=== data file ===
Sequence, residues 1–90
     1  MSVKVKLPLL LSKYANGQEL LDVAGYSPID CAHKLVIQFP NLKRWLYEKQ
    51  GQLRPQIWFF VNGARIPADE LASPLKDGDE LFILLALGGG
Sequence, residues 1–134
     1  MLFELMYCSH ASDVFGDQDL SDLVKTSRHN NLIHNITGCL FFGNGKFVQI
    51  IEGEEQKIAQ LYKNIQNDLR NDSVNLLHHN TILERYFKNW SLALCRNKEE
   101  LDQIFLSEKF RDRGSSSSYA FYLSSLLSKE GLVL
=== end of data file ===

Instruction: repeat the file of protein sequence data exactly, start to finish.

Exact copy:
Sequence, residues 1–90
     1  MSVKVKLPLL LSKYANGQEL LDVAGYSPID CAHKLVIQFP NLKRWLYEKQ
    51  GQLRPQIWFF VNGARIPADE LASPLKDGDE LFILLALGGG
Sequence, residues 1–134
     1  MLFELMYCSH ASDVFGDQDL SDLVKTSRHN NLIHNITGCL FFGNGKFVQI
    51  IEGEEQKIAQ LYKNIQNDLR NDSVNLLHHN TILERYFKNW SLALCRNKEE
   101  LDQIFLSEKF RDRGSSSSYA FYLSSLLSKE GLVL